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Can anyone recommend a linux command line tool to monitor the number of bytes transferred between the local server and a specified IP address/port.

The equivalent tcpdump command would be:

tcpdump -s 0 -i any -w mycapture.trc port 80 host google.com

which outputs :

46 packets captured
131 packets received by filter
0 packets dropped by kernel

I'd like something similar that outputs:

54 bytes out, 176 bytes in

I'd like it to work on RHEL and be free/open-source. It would be good if there was an existing tool which I was just missing too!

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4 Answers 4

up vote 6 down vote accepted

You could use iptables. If you're not already using it, you can use an open Accept configuration, but have a rule in place to do the counting.

For example, on RHEL your /etc/sysconfig/iptables file could look something like:

*filter
:INPUT ACCEPT [0:0]
:FORWARD ACCEPT [0:0]
:OUTPUT ACCEPT [0:0]
-A FORWARD -j INPUT
-A INPUT -s 10.10.1.1 -p tcp -m tcp --sport 80 -j ACCEPT
-A OUTPUT -d 10.10.1.1 -p tcp -m tcp --dport 80 -j ACCEPT

Where 10.10.1.1:80 is the host:port you want to count traffic to (you can't use a hostname). You can then check traffic counted with the command iptables -nvxL as root.

Example output:

Chain INPUT (policy ACCEPT 7133268 packets, 1057227727 bytes)
    pkts      bytes target     prot opt in     out     source               destination     
 7133268 1057227727 ACCEPT     tcp  --  *      *       10.10.1.1            0.0.0.0/0              tcp spt:80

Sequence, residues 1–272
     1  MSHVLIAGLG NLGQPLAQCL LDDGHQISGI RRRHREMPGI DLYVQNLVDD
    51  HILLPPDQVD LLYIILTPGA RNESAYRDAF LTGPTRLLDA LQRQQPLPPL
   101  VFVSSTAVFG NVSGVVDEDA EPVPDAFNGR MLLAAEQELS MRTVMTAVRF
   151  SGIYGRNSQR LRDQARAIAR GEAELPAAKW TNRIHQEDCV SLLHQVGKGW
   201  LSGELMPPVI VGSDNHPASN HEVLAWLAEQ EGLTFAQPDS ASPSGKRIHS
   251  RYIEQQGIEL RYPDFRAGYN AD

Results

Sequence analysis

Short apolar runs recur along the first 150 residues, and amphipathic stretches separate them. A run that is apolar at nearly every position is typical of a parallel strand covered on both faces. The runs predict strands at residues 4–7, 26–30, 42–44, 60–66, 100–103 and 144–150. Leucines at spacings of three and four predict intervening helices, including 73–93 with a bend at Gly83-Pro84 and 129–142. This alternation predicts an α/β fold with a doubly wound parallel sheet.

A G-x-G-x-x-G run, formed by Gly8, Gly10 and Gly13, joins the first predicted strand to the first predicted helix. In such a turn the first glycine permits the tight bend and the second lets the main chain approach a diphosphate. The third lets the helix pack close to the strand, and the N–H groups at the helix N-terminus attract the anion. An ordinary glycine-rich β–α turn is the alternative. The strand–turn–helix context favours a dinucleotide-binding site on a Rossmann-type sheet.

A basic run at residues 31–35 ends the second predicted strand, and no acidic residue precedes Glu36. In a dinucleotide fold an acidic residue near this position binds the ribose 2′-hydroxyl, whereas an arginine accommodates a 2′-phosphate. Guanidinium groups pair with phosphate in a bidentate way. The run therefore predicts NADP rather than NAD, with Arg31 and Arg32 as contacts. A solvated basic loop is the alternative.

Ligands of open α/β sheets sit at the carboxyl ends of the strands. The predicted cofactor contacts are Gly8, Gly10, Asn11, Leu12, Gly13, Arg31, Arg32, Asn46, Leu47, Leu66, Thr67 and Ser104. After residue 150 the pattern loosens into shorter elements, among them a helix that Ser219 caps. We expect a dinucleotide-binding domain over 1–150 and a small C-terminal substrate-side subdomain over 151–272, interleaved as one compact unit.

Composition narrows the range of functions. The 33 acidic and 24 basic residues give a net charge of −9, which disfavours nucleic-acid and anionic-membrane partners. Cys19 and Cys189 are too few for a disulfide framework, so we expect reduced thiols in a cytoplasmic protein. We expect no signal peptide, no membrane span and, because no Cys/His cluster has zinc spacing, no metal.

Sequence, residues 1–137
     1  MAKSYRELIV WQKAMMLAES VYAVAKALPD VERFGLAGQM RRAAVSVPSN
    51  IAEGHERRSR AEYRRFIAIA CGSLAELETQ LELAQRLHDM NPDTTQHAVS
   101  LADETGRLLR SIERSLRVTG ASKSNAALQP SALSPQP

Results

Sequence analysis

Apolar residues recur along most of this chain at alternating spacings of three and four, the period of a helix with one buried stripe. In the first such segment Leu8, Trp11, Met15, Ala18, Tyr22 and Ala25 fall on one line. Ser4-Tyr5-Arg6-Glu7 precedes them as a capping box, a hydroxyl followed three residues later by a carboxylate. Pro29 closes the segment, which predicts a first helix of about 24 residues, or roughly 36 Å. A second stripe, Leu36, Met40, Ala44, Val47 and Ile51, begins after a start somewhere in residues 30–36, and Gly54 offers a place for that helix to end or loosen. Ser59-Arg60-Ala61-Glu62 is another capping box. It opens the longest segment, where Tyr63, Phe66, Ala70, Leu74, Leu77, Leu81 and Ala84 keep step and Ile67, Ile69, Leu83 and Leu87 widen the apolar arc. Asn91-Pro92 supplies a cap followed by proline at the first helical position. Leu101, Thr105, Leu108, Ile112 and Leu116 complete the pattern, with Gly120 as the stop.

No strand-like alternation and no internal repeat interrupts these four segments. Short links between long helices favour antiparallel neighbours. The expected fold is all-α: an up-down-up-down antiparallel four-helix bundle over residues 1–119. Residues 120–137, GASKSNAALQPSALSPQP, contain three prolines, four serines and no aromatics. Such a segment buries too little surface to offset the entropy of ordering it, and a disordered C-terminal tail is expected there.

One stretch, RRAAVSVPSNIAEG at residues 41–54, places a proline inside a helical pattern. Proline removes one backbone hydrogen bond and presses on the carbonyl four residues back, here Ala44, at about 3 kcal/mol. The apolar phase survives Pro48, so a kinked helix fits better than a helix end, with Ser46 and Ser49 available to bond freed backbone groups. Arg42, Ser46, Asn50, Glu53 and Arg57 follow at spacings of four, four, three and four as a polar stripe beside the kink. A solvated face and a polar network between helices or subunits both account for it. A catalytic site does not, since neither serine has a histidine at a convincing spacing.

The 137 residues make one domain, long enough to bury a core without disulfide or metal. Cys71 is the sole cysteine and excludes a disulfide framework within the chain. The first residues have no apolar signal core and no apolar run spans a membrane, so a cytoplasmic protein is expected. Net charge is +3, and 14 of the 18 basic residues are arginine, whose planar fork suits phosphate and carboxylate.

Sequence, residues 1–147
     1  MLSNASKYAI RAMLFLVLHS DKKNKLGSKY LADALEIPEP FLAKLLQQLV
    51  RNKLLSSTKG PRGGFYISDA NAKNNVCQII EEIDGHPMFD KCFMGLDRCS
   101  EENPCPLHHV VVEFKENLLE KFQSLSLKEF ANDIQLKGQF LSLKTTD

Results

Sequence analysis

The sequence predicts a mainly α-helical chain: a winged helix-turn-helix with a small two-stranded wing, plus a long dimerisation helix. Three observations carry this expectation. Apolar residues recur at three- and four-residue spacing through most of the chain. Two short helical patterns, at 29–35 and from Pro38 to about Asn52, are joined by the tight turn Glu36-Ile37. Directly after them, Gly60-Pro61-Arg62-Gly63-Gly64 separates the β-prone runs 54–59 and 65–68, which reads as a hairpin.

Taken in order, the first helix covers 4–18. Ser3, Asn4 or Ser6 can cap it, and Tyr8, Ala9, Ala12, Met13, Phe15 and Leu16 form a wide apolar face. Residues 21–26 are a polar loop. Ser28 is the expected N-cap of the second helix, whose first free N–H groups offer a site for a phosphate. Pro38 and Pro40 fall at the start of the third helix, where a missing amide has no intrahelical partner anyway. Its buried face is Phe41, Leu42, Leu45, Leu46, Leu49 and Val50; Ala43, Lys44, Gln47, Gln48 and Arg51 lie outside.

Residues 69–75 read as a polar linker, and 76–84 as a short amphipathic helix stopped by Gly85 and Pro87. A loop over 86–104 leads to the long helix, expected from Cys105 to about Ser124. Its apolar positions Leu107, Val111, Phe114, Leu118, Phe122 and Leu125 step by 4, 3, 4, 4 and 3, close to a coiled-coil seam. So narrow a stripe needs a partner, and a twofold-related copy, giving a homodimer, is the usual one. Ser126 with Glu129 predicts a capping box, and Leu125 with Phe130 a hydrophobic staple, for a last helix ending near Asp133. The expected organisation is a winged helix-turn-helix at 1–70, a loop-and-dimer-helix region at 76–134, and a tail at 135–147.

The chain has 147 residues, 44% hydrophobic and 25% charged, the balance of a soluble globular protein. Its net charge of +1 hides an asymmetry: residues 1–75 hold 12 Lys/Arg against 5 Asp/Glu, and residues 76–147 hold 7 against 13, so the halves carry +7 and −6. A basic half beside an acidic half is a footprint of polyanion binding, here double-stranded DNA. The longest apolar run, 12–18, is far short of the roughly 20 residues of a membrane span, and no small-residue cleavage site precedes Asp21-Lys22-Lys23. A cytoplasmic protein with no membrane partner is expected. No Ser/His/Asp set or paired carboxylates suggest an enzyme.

Chain FORWARD (policy ACCEPT 0 packets, 0 bytes)
    pkts      bytes target     prot opt in     out     source               destination     
       0          0 INPUT      all  --  *      *       0.0.0.0/0            0.0.0.0/0       

Chain OUTPUT (policy ACCEPT 7133268 packets, 1057227727 bytes)
    pkts      bytes target     prot opt in     out     source               destination     
 7133268 1057227727 ACCEPT     tcp  --  *      *       0.0.0.0/0            10.10.1.1              tcp dpt:80
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1  
It's also completely legal to have a rule without a target, solely for counting purposes, eg iptables -A INPUT -d 1.2.3.4 -p tcp --dport 3456 . It won't do anything to the traffic, as there's no "-j" argument, but each matching packet will bump the counts. –  MadHatter Oct 28 '10 at 20:42
    
@MadHatter: Good tip, thanks –  brent Oct 29 '10 at 14:54

There is also a tool called 'iftop' which displays bandwidth usage on an interface by host. I think iftop can do what you described but normally its interface is something like 'top'.

So for your example, I think that you can just create config file to provide your filter-code.

So here is my filter-code in my config file.

$ cat /tmp/conf
filter-code: port http and host google.com

Then, I ran the following to see the network traffice.

$ sudo iftop -c /tmp/conf

Not sure if this is the best option but certainly one way to achieve what you need. HTH.

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I was about to suggest wireshark (for it's many 'conversation' features), but it is not a command-line tool. You could try tshark though, which is a command-line analyzer tool that is closes to wireshark. The output should have (somewhat) what you're looking for (example below):

tshark -R "ip.addr == 10.2.3.67" -z conv,ip -p -f "tcp port 22"

Result:

                                     |       <-      | |       ->      | |     Total     |
                                     | Frames  Bytes | | Frames  Bytes | | Frames  Bytes |
10.2.3.23           <-> 10.2.3.67        42     15341      35      4890      77     20231
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You can also try "iptraf" it's lightweight and simple. It can filter by port and gives you high level info, no payload data, etc.

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